Bass instinct: Skullcandy Crusher Wireless headphones
Tech review: These bluetooth headphones have bog-standard design but powerful bass boost
Product name: Skullcandy Crusher Wireless
Where to buy: harveynorman.ie
There was a time when bluetooth headphones meant bad battery life, noticeably poorer audio than wired headphones, and regularly interrupted music as the connection dropped.
Thankfully, things have radically improved. They’re still not perfect, of course. Depending on the type you buy – earbuds versus over-ear headphones, budget ones versus the more expensive end of things – you might still get a bit of stuttering, battery life problems or occasional signal drop.
But the Skullcandy Crusher Wireless don’t suffer from any of these issues. That’s not to say they don’t have issues, but the most troublesome ones are not among them.
Skullcandy’s Crusher range is built around one thing: bass. The idea behind the headphones is that you can boost the bass at the swipe of a button, turning it from okay to heavy in an instant.
Designwise, there’s nothing outstanding about the Crusher Wireless. The pair reviewed here were basic black, with comfortably padded earcups and headband. Even after a few hours of wear, they didn’t leave sore spots on my head, which is something that other headphones have managed to do despite claiming to be comfortable. If there was any criticism to make, it’s that they don’t look quite as premium as other headphones – but they don’t look cheap either.
On the right earcup is the power button, plus volume controls. These also double up for controlling your music; you hold the buttons down for three seconds to make them skip forward or backwards. It doesn’t sound like much on paper, but the lack of instantaneous skip is a little off-putting. On other headphones, this has been tackled with touch controls – swipe forward, swipe back – and it feels much more intuitive.
The left cup has the bass slider, plus the stereo jack to turn the headphones into wired, and a charging port.
The bass slider takes things from zero to gut-punchy in one swift move. It can get a bit overpowering, though, and the bass reverberating in your ear was not my favourite experience. That was at full, though; vocals were drowned out by the bass, making it difficult to listen to the audio. About halfway is more comfortable, or a third of the way, if you like your bass a little less vibrating.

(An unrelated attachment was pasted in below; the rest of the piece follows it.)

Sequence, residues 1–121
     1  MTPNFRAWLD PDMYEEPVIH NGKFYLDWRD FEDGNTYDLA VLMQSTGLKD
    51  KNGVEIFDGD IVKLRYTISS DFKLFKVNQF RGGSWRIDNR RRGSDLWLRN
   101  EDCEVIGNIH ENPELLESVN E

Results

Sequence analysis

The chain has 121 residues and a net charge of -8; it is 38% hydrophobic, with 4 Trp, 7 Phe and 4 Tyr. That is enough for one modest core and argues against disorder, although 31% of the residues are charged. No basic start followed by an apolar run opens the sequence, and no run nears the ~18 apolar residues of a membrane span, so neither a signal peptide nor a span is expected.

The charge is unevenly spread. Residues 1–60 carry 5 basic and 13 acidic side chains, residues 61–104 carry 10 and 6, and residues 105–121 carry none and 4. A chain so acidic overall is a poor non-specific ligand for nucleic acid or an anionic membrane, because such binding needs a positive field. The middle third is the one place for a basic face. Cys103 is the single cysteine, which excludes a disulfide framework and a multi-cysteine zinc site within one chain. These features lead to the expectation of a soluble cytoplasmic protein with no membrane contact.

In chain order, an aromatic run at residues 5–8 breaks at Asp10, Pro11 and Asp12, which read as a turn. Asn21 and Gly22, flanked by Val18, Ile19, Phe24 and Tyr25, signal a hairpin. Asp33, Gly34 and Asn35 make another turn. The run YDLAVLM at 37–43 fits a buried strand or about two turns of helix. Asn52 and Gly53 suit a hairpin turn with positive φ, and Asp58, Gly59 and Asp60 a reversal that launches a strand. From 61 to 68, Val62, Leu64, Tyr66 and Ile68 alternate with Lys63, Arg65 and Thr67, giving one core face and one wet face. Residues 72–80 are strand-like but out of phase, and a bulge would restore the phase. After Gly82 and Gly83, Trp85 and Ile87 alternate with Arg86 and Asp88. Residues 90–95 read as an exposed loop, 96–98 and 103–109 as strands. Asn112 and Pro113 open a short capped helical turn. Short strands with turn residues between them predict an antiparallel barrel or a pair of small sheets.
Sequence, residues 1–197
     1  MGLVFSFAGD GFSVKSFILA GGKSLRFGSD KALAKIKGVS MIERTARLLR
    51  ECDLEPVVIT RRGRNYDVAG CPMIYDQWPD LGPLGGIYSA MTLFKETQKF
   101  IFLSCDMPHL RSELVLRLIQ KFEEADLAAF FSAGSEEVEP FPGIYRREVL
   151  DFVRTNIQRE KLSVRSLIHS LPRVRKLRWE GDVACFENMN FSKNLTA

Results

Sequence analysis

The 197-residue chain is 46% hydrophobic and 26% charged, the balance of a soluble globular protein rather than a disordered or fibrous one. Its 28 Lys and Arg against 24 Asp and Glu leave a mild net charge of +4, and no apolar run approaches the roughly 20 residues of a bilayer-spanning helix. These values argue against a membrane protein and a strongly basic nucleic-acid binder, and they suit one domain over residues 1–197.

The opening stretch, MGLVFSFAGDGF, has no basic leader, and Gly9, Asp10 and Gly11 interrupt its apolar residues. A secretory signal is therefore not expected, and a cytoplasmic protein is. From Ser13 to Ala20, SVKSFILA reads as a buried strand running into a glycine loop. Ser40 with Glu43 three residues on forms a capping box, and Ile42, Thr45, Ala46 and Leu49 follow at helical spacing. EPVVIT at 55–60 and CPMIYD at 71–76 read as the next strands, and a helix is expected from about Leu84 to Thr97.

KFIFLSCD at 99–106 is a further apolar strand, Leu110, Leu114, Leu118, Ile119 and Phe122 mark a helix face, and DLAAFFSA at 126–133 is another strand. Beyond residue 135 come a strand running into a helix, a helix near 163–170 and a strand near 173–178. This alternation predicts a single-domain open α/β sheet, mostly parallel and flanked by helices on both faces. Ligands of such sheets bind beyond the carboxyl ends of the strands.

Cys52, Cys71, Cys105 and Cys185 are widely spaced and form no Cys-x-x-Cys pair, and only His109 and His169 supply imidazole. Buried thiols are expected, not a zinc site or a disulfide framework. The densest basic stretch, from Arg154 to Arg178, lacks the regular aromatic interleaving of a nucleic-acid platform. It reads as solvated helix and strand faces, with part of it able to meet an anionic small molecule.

It does add something to the audio, even at lower levels. It makes everything seem a bit richer. In saying that, though, even if you never touch the slider, the audio is great – rich and punchy.
The battery on the Crusher Wireless lasts at least two full days – the official count is 40 hours of playback – but that’s if you spent every waking moment listening to music.
In reality, I got more than four days between charges, and that counts the time I forgot to hit pause on the music, and left it playing quietly in my bag before I noticed that my music player was still active on my phone a few hours later. One of the downsides of the design is that you can’t charge the headphones if you want to listen to music using the wired connection at the same time. The two cables don’t fit side by side. It’s a scenario that’s unlikely to trouble too many users, though.
The good: These headphones are comfortable. They don’t pinch your head at all, and there’s enough padding around the earcups to not only cut out a lot of noise, but also to make sure they sit very comfortably on your head.
The sound is good, too, although not quite as developed as more expensive headphones. Take the price into account and you have a decent set of headphones for a good price.
The not-so-good: Noise isolating is not as good as noise cancelling, but that’s reflected in the price. The bass boost feature, while nice, is not an essential here either.
Because they are bluetooth, you have to remember to charge the headphones or face a dead pair. And you can’t fit the charging cable and the stereo cable – if you run out of power – side by side, so if you want to charge, you can’t listen, and vice versa.
The rest: Controls on the earcups are easy to find, so you don’t have to play guessing games when you want to increase or decrease the volume. Trying to skip tracks is less instant, though, as it relies on the same set of controls.
The verdict: Comfortable, good audio and no stuttering; bluetooth headphones that are worth their price.